Have you ever thought about the images we use to describe anger? They aren’t very pretty.
She was out of her mind. Imagine an individual, clutching her decapitated head in one hand. She and her brain, for the moment, are not attached to the rest of her body. If she blew her top, then her brain is not in her hand but exploding from her scalp like fireworks. Flipping her lid turns her cranium into a tilted teapot with all types of gooey gunk oozing onto the carpet. Not an attractive picture.
To say that a person who is mad can’t think clearly seems obvious. With so much brain exploding into the stratosphere and splattering on the floor, and possibly onto family and friends, the function of our gray cells is certainly minimized and muddled.
He was beside himself. Picture twins standing beside one another, the first functioning within a normal range of emotions, the other one, red in the face, pulling at his hair, shaking his fist. Enraged. Out of control. When a person is angry, he is beside himself.
No wonder people say, “I can see you are upset.” You reckon?
I love the Richard Gere quotation from Pretty Woman in which he acknowledges his fury toward his father, “I was very angry with him. It cost me ten thousand dollars in therapy to say that sentence: ‘I was very angry with him.’ I do it very well, don’t I? I’ll say it again: I was very angry with him. Hello, my name is Mr. Lewis, I am very angry with my father.”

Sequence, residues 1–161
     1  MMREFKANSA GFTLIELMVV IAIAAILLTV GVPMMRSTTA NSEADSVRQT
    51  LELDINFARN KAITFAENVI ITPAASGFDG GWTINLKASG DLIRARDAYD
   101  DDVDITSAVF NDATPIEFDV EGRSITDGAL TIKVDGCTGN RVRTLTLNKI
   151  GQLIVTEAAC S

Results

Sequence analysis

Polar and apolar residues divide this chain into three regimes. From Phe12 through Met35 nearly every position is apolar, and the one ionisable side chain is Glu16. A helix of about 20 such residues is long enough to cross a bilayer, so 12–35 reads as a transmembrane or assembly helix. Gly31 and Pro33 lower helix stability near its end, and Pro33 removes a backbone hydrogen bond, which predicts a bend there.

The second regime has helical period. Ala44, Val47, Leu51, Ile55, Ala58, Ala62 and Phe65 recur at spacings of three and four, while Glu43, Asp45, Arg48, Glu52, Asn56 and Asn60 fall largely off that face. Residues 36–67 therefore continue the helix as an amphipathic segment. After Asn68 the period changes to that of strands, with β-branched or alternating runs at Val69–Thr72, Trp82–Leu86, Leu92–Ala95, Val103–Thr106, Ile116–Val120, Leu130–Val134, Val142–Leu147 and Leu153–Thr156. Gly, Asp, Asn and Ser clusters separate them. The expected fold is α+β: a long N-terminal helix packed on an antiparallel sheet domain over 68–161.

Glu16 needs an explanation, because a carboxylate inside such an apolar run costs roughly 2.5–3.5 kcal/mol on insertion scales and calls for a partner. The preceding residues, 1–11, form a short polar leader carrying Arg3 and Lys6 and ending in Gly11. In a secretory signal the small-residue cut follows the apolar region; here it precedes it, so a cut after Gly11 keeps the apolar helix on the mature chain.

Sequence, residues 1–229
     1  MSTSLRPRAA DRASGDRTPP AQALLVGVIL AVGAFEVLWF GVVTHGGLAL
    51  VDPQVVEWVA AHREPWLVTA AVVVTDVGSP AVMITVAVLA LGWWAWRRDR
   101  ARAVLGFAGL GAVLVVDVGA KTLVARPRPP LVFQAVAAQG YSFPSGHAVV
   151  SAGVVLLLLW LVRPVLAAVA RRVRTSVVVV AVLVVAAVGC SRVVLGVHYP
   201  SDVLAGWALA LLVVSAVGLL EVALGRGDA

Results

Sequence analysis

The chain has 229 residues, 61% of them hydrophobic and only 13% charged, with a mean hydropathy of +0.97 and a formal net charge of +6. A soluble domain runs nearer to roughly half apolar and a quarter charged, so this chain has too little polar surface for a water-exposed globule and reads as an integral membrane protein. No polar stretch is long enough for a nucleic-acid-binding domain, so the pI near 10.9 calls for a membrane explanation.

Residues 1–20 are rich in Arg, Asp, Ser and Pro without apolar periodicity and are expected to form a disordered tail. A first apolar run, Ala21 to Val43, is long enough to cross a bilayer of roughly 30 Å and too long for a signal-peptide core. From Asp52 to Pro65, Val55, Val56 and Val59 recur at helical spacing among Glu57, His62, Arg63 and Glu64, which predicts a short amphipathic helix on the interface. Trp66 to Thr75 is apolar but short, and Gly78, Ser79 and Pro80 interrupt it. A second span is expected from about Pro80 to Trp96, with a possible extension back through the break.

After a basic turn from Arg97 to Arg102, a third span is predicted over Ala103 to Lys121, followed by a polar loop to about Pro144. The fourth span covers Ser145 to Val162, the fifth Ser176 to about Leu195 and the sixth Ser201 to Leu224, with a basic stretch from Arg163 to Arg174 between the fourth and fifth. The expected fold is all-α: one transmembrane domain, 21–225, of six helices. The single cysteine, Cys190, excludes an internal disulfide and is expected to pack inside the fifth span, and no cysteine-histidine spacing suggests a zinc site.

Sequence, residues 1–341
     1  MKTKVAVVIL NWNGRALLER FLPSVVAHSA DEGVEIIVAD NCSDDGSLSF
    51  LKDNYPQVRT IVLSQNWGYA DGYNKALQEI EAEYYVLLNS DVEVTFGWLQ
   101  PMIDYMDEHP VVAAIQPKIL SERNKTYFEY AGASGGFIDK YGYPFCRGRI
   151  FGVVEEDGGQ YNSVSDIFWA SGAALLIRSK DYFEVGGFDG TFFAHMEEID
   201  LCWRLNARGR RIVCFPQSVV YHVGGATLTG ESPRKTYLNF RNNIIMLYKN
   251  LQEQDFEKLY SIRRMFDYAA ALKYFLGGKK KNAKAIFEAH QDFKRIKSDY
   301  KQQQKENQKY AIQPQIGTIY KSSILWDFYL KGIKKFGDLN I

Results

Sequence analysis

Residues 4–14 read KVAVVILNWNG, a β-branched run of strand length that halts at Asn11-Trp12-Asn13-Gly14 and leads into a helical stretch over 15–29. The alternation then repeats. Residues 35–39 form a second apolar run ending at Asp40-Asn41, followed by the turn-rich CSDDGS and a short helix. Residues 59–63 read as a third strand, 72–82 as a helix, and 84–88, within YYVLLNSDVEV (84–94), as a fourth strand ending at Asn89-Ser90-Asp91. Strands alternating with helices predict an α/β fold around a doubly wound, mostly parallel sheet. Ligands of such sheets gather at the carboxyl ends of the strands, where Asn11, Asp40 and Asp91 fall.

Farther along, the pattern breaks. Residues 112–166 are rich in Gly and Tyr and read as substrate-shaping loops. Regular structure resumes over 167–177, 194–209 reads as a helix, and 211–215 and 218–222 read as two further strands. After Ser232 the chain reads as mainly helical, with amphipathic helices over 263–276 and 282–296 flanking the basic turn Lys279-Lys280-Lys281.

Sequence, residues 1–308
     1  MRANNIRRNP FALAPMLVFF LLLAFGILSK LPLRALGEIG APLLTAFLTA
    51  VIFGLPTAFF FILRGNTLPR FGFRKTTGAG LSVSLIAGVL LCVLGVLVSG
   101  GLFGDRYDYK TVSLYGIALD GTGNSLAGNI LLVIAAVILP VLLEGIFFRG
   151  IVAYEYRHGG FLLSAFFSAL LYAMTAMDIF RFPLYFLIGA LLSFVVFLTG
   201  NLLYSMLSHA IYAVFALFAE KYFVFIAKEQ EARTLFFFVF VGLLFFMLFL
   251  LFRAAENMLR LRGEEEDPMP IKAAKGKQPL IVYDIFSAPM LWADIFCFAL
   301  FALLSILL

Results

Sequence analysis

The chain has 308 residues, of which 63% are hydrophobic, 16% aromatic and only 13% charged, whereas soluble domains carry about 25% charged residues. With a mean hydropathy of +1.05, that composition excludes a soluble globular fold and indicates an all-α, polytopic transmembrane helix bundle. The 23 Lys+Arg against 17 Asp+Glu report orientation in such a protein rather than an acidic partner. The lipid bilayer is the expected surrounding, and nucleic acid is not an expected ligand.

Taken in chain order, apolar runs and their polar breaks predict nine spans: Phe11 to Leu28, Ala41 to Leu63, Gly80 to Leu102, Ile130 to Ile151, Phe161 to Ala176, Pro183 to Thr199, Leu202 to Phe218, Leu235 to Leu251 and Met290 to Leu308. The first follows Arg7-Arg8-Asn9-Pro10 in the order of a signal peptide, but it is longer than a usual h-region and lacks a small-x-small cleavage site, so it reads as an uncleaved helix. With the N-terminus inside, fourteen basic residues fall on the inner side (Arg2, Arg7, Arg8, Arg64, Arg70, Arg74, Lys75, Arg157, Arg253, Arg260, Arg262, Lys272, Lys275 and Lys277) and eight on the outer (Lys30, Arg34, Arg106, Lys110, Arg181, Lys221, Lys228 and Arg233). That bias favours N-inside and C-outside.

Sometimes, we try to deny it. “No, I’m just disappointed,” or “I’m hurt” or, “I’m just concerned.” Well, if your brain were somehow positioned outside your body, I’d say other people could probably tell.
When someone has made you furious, they are a pain in the neck to you. Think of all the body parts involved in anger.
• Our ears are burning.
• We grit our teeth.
• We can’t swallow that.
• We clinch our jaws.
• We could scream.
• We become stiff-necked. Our shoulder muscles tighten.
• We clinch our fists. We are itching to get our hands on somebody.
• We can’t stomach that.
• He makes my skin crawl.
• We are pissed off.
• She is a pain in the ass.
• We could kick her, then smash her and stomp her into the ground.
That pretty much covers the entire body, doesn’t it?
Sometimes anger is so extreme that it gets confused with mental illness.
• She is irrational.
• He went nuts.
• For a few minutes, she was crazy as a bat.
• He was a wild man.
If we admit our anger, then we can begin the process of resolving a problem. If we say we have no anger… well, sometimes, that’s just not true.